ABSTRACT: Historically, wetland research and management in the lower Great Lakes region has focused on waterfowl given the vested human interest and continental significance of the area as migratory stopover habitat. Recently, additional research focused on secretive marshbirds (e.g., king rails, yellow rails, Virginia rails, sora, least bitterns and American bitters) has gained momentum. Unlike waterfowl populations that are at historically high levels, many secretive marshbird species have experienced significant population decline in the past several decades. However, due to the extremely limited amount of research and secretive nature of many of these bird species, population trend data is lacking and any understanding of habitat associations that might be causing population declines is nonexistent. Many state and federal agencies as well as NGO’s have begun to work collaboratively throughout the Great Lakes region to monitor secretive marshbird populations to fill some of these knowledge gaps. The objectives of this presentation are to: 1) summarize historical marshbird research in the region, 2) highlight recent research that has improved our understanding of secretive marshbirds in the region, and 3) identify future research and information needed to improve our conservation of secretive marshbirds in the lower Great Lakes region. We hope that a continued to effort to understand the life history and habitat associations of secretive marshbirds will ultimately lead to improved habitat management with the potential to benefit waterfowl and simultaneously other wetland-dependent birds and wildlife, including secretive marshbirds.

Tuesday January 29, 2019 1:40pm - 2:00pm EST
HOPE BALLROOM B

1:40pm EST

(SYMPOSIA-13) Strengthening Ohio’s Lake Erie Fisheries Through Research, Education, and Extension
AUTHORS: Tory Gabriel, Kristen Fussell – The Ohio Sea Grant College Program and Stone Laboratory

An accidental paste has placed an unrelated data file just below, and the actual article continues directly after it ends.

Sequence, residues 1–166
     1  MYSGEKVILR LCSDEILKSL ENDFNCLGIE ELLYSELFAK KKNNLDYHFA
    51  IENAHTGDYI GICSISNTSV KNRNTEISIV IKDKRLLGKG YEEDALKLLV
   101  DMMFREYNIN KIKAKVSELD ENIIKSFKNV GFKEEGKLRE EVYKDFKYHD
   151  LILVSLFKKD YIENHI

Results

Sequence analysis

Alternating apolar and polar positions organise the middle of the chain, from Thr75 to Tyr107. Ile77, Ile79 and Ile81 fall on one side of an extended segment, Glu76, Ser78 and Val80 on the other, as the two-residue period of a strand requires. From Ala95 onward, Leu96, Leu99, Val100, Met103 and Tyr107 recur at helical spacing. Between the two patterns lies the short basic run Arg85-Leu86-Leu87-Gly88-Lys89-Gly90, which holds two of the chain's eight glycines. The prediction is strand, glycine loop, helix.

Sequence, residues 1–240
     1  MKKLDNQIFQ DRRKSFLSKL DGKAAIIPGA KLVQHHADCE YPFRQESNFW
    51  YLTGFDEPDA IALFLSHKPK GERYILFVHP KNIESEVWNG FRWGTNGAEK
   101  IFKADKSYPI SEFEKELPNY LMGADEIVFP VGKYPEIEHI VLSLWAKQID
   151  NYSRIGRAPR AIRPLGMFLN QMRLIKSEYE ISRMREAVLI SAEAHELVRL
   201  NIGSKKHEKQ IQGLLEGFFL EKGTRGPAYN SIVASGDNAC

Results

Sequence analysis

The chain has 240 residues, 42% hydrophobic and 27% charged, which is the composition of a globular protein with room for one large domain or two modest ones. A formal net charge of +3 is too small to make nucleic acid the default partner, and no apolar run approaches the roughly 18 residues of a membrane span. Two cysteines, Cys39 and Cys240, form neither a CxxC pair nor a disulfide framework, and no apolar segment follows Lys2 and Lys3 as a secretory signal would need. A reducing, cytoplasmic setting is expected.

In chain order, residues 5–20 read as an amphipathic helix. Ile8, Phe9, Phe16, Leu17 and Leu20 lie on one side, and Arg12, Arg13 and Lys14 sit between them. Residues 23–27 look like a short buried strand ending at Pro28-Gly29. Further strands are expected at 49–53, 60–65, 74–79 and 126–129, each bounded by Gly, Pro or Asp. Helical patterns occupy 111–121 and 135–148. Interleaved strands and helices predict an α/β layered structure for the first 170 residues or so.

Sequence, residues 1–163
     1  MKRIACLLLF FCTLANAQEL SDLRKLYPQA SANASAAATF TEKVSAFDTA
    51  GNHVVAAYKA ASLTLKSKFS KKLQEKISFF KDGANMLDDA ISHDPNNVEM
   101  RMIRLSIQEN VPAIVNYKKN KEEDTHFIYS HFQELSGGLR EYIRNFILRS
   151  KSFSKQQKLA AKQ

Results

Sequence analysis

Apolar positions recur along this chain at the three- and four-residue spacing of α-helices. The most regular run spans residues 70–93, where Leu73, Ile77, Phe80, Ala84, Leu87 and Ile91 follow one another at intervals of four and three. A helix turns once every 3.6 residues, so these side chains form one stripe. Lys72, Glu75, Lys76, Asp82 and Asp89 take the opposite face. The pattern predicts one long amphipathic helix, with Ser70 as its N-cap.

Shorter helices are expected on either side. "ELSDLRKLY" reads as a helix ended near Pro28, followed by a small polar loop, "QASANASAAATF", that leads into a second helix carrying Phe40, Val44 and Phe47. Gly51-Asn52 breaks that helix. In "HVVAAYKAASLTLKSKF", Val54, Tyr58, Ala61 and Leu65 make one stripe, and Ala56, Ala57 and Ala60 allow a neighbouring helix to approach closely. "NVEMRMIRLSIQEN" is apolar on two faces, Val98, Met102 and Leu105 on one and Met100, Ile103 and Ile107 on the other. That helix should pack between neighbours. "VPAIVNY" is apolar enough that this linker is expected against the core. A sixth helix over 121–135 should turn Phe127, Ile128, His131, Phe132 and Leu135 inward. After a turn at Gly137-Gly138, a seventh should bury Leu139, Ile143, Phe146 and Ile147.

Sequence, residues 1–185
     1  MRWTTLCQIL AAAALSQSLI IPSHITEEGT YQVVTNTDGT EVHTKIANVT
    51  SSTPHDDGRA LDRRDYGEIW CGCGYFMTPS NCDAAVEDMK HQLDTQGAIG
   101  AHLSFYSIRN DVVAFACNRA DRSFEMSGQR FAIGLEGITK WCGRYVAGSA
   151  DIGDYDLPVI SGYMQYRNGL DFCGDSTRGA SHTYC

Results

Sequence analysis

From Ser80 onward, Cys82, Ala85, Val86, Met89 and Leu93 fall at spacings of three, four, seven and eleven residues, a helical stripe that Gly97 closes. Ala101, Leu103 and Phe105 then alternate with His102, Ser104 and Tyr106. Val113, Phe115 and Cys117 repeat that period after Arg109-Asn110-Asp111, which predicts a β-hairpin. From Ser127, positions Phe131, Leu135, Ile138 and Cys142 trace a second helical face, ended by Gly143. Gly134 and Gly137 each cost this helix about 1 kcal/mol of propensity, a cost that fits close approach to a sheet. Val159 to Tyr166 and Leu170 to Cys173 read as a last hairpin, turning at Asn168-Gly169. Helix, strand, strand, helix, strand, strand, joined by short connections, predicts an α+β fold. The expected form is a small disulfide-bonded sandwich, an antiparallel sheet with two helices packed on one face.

ABSTRACT: Ohio Sea Grant and the Ohio State University’s Stone Laboratory engage stakeholders and inform fisheries managers through research, education, and extension; often serving as a liaison between groups. This presentation will emphasize recent programs that have informed fisheries research and conservation, with a particular focus on programs carried out in partnership with resource managers. Ohio Sea Grant funded research and external grants secured by staff frequently focus on Lake Erie’s valuable fishery. Recent examples include examining Harmful Algal Bloom (HAB) toxins in fish tissue and the effects of HAB turbidity on fish vision. Stone Laboratory serves as a base for research, but also the heart of our education program. Relevant courses and workshops include AIS-HACCP, Fish Sampling Techniques, and Lake Erie Sport Fishing. The Aquatic Visitors Center at Stone Laboratory, which is a former Ohio Division of Wildlife fish hatchery, is currently run as an education center by Ohio Sea Grant interacting with over 10,000 visitors each summer. Five Extension Educators, along with communicators and other staff, work with a variety of stakeholders and resource managers through various outreach and engagement programs. Examples include the annual Ohio Charter Captains Conference as well as a recent Lake Erie Sport Fish Summit, both carried out in partnership with Ohio Division of Wildlife fisheries managers. Through research, education, and extension, Ohio Sea Grant plays an important role in informing and connecting stakeholders and managers, helping to strengthen Ohio’s Lake Erie fisheries.